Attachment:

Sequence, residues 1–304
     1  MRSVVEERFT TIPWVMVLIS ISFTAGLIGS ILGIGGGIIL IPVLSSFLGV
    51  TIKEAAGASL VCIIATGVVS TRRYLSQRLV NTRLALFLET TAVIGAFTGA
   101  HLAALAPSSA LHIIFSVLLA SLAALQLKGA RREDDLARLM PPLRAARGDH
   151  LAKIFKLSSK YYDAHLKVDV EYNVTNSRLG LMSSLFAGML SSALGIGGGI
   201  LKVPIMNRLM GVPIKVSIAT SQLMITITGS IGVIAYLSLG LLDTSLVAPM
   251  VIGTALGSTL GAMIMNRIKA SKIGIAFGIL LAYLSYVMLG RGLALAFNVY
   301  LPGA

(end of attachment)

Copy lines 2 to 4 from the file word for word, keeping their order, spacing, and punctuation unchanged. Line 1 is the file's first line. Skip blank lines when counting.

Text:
     1  MRSVVEERFT TIPWVMVLIS ISFTAGLIGS ILGIGGGIIL IPVLSSFLGV
    51  TIKEAAGASL VCIIATGVVS TRRYLSQRLV NTRLALFLET TAVIGAFTGA
   101  HLAALAPSSA LHIIFSVLLA SLAALQLKGA RREDDLARLM PPLRAARGDH